Contrary to what you may have seen on the news, Microsoft isn’t the only company with an interest in seeing Windows 10 Mobile take off.
Amid sluggish growth — which according to industry analyst IDC, won’t get much better in the foreseeable future — and a dismal 2015 that saw its mobile operating system’s market share dip to 2.2 percent (compared to Android’s 81 percent), Microsoft has found a hardware partner in Acer, which produced the phone you’re looking at now.
This is Acer’s Liquid Jade Primo, a flagship Windows 10 Mobile handset that flaunts more curves than anything Microsoft or any other Windows phone maker has built in the past. But that’s not to say we haven’t seen anything like it; we’ve seen this design plenty of times on Acer smartphones running Android.
And that’s good to hear, as the Primo is smooth to the touch and more comfortable to hold and operate than its size would suggest. In keeping with Acer’s Liquid designation, soft melted wax is a good way to describe how it feels in the hand.
If there’s one major criticism we’d level at the Primo it’s that the casing is made of lightweight plastic. We get that aluminum unibody enclosures aren’t for everyone, but considering the sticker price, we can’t help but think that premium build materials could have been incorporated in the final design.
Like Microsoft’s Lumia 950 phones, the Primo has a 5.5-inch OLED display with a layer of curved-edge Corning Gorilla Glass on top for added scratch resistance. The screen maxes out at 1080p, which is a shame considering phones in its class typically have Quad HD panels. The 21-megapixel camera around the back impresses in terms of megapixel count, though we’ll have to wait to see how it performs in various situations before passing judgement.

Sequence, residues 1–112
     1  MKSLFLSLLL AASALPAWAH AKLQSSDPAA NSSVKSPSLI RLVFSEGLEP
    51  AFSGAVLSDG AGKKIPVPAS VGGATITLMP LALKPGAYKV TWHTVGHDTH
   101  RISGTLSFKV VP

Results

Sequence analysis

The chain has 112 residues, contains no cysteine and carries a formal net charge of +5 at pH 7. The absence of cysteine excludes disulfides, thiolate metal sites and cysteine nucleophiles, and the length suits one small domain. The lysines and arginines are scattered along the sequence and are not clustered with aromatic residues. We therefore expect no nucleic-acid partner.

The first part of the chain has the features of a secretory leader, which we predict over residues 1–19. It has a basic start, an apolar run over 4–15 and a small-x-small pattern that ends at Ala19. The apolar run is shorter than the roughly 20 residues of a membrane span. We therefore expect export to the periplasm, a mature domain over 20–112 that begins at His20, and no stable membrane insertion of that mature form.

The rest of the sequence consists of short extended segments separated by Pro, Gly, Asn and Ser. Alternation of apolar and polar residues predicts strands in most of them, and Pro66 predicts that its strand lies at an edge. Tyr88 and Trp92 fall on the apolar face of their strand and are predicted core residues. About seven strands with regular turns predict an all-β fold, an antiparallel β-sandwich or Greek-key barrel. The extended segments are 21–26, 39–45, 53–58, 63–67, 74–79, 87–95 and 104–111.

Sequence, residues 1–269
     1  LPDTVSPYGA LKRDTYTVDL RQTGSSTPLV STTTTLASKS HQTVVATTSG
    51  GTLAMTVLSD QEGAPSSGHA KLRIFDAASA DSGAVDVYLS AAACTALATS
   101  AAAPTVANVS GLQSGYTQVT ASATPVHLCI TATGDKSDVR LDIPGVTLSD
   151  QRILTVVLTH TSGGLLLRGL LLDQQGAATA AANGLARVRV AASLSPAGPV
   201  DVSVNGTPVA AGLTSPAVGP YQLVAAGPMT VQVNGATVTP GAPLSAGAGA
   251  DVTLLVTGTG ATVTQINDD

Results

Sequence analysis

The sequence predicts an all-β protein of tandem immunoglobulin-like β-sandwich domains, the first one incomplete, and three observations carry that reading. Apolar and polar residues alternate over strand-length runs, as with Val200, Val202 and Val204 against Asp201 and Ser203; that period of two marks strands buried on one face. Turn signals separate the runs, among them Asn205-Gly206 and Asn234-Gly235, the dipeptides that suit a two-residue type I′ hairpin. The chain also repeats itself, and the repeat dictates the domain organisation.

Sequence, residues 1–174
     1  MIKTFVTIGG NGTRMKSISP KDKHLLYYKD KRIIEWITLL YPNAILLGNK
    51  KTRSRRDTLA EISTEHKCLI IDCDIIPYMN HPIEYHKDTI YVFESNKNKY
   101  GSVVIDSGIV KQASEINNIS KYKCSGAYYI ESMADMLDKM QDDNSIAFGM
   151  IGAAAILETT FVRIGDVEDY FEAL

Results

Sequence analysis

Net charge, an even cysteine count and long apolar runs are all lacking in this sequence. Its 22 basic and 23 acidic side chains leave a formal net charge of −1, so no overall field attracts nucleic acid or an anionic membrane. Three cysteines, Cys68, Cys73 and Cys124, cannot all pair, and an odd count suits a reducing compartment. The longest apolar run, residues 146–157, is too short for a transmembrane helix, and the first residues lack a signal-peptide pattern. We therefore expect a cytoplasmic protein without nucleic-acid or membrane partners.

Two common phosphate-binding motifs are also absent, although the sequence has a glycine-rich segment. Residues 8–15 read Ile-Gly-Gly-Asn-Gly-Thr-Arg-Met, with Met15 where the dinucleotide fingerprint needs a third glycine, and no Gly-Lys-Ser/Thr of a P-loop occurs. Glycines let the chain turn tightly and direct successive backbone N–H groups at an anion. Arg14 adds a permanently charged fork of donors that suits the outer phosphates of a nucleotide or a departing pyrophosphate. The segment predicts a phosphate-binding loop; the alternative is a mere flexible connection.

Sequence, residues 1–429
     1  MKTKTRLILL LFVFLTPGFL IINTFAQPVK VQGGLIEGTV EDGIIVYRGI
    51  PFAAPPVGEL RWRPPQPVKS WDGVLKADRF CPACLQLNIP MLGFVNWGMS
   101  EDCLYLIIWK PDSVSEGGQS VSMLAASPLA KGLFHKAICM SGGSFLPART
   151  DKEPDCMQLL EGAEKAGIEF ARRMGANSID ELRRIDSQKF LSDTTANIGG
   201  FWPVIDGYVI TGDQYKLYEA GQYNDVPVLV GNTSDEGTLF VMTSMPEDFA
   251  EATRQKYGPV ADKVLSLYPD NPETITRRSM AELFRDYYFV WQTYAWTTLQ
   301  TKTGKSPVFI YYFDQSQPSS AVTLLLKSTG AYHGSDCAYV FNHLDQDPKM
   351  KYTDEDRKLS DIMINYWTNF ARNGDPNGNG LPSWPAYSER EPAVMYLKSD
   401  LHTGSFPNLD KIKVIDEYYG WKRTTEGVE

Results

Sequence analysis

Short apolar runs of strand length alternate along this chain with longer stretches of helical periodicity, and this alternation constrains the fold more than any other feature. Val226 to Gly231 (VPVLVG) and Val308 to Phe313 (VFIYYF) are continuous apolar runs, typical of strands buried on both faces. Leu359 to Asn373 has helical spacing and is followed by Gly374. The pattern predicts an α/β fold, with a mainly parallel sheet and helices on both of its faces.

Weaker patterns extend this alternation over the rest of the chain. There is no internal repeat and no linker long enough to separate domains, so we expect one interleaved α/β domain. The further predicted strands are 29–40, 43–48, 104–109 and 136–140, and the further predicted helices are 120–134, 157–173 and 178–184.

Powering the Primo is a Snapdragon 808 processor with 3GB of RAM. Its 32GB internal storage is expandable using a microSD card, though at the expense of a second SIM card slot. In our brief testing, we found it responsive and snappy, without any of the jitters you may find in premium, Android-based smartphones.
What really sets this Acer apart from majority of phones on the market is Continuum, Windows 10 Mobile’s killer feature that allows smartphones to function somewhat like desktop PCs when plugged into a dock that connects to a TV or monitor.
And while Continuum only works with apps under Microsoft’s Universal Windows Platform (legacy apps might never see a release on the Windows Store, though help is at hand), those who rely heavily on Microsoft’s core productivity software will surely find it valuable.
The Acer Liquid Jade Primo will retail for P28,990 ($630) in the Philippines when it hits select stores later this week. For the price, you get a dock, mouse, and keyboard to complete the pocket PC experience.